Diet and Exercise Feed

Adult children are right to be aware of their parents’ physical and mental changes since there’s no way to stop the aging process. However, as a columnist on caregiving and a forum moderator, I’m seeing something very scary happening far too often. Ageism is overtaking common sense and respect. The fact that someone is over 65, and perhaps has arthritis and controlled high blood pressure, does not make this person cognitively unstable. Dementia doesn’t necessarily step in even after – gasp! – age 70. Read more →


Many people are genetically predisposed to developing certain diseases, among them diabetes, cancer, heart disease and Alzheimer’s. It’s natural to worry if you’ve watched family members endure the illnesses. However, the cortisol released in your body by chronic stress, which can be caused by worry, could increase your susceptibility. The fix? Be proactive. Limiting stress may not completely protect you from the disease that you dread, but it can help your overall health and, for some diseases, this could help you avoid a trigger. Where do you start? Read more →


We are, for good reason, repeatedly reminded of the horrifying statistics related to the development of Alzheimer’s disease. The number of people over the age of 65 is exploding and most dementia symptoms develop as a person ages. This is fact. In no way does this article intend to distract from the need to cure all types of dementia. However, there is one thing to celebrate. The actual rate of Alzheimer's seems to be declining. Of course, Alzheimer's will not go away without a fight.  Read more →


Sometimes it's just easier to stay home. I'll admit I have these thoughts more often than most people, as I don't have a very social personality. However, when it comes to caregivers, it's often undeniably true - it easier to stay home...If we won't push ourselves to respond to invitations they will dwindle. People will get tired of asking. And many caregivers, no matter where the loved one lives, can sink into isolation and start refusing opportunities to go out with friends because seems too exhausting to go. It's just one more thing to do. I did that, even when the last three of my elders were living in a nursing home. Read more →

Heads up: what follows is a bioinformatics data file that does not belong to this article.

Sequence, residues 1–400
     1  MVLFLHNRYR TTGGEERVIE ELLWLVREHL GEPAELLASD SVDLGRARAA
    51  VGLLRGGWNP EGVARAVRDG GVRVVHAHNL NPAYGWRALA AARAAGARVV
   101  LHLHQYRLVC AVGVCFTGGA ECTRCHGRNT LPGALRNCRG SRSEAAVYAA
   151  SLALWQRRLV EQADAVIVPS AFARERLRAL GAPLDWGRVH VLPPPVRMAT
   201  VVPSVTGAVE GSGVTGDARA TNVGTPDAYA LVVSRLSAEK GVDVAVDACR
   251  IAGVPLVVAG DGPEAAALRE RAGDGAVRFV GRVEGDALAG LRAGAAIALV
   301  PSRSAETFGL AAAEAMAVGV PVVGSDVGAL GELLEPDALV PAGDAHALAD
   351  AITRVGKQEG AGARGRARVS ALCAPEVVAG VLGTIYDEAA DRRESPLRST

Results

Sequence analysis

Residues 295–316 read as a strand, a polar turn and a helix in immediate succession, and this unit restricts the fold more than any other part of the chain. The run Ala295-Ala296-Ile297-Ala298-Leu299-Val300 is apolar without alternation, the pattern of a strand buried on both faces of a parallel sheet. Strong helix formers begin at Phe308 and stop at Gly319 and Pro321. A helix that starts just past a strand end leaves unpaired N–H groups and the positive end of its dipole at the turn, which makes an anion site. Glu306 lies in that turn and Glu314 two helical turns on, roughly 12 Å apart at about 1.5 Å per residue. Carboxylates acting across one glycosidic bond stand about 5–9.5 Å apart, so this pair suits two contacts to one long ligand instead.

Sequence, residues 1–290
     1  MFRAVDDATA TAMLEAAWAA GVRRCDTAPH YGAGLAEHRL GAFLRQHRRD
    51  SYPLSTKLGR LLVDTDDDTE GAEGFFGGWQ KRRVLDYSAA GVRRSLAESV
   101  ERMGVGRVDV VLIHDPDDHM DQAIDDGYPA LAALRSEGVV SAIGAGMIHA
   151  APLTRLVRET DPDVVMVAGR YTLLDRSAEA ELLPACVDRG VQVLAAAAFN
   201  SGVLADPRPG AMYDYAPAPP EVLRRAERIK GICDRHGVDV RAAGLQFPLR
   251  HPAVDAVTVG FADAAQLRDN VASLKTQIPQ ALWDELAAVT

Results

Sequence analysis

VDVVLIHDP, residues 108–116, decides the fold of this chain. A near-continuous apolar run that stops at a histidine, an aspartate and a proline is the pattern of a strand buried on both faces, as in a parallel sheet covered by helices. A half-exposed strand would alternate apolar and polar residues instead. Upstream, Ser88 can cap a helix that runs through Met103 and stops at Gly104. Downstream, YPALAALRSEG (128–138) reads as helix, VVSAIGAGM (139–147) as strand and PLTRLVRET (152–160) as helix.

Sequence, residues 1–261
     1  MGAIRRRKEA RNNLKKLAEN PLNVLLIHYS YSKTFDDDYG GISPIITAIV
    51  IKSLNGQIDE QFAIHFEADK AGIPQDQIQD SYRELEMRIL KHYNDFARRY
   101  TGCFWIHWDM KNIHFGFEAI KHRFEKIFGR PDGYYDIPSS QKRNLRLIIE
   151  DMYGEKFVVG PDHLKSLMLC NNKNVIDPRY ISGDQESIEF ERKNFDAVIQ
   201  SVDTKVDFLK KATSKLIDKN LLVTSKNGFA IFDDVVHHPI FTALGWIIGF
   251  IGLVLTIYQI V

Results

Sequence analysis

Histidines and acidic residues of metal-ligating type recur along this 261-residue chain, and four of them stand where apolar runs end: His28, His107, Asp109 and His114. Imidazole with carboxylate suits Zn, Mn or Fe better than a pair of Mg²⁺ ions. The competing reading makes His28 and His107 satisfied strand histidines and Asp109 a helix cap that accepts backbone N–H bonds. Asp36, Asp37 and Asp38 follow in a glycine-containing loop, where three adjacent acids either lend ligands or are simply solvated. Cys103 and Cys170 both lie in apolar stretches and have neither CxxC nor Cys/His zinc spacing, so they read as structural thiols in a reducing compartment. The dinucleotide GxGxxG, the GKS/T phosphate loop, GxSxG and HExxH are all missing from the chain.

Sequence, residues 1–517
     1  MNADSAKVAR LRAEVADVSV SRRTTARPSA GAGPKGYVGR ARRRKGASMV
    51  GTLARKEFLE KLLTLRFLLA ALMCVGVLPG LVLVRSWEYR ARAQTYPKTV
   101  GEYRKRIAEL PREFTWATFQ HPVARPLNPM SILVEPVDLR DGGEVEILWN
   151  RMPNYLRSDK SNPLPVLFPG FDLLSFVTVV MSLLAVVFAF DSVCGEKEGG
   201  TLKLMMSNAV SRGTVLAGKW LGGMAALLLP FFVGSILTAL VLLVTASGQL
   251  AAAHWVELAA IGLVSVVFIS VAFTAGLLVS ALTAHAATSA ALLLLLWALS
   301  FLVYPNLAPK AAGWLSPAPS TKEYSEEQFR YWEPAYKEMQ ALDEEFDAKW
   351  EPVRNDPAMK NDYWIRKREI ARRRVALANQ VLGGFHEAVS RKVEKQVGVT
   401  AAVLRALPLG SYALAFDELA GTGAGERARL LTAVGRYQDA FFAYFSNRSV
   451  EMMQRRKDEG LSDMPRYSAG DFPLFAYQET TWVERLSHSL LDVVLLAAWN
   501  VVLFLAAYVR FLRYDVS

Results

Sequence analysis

Dear Carol: My parents are in their 60s and have decided that they need to have their legal paperwork updated. I think that this is smart and my siblings agree. The problem is that my parents want to designate me as their Power of Attorney for both healthcare and financial decisions since I live in their community. Unfortunately, my siblings feel slighted. While I don’t love the idea of having this responsibility, I have no problem doing what’s needed when the time comes. My brother lives 500 miles away and my sister lives over 800 miles in the other direction so this seems to be the sensible decision. There’s no concrete reason why my siblings would object to this arrangement except for sibling rivalry. My siblings would be assigned as secondary POAs and they would have their equal shares laid out in the will. How do we get over this bump? – ST  Read more →


It should come as no surprise that optimistic thinking is, for the most part, better for one’s health than negative thinking. In fact, negative thinking has been connected to poor health for some time. A recent study confirms what was previously suspected, linking optimistic thinking to the preservation of memory and good judgment. Both of those traits bode well for staving off, if not preventing, Alzheimer’s disease. Read more →


A double whammy here is that chronic stress is a problem for most caregivers and stress can be a trigger for many people who live with chronic migraines. It is for me. The fact is that whether caregivers have migraines, severe arthritis, asthma, or any other ailment if they are still functioning better than the person or people for whom they care, they carry on. It’s what we do. Read more →


If the risk of a stroke or heart attack doesn’t scare us into controlling our blood pressure, surely a heightened risk for vascular dementia should. While Alzheimer’s is considered by experts to be the most common form of dementia, vascular dementia follows closely behind in ranking. The two mixed together are also common, so we should consider ourselves at risk for dementia unless we have a healthy vascular system. Read more →


When dementia symptoms appear it’s natural to fear that the person affected has an incurable form of dementia. Rather than reacting with panic, however, it’s far better to try to remain calm and have a specialist make the determination. Many forms of dementia are incurable, of course, but other conditions can present symptoms that resemble those of dementia but are in fact reversible. Read more →


Some types of dementia are reversible: The National Institutes of Health says that some types of dementia can be stopped or reversed with treatment. Normal pressure hydrocephalus, caused by excess cerebrospinal fluid, can be helped by surgical intervention. Some drugs, vitamin deficiencies, alcohol abuse, depression, and brain tumors can cause dementia-like symptoms. Most of these causes respond to treatment. Read more →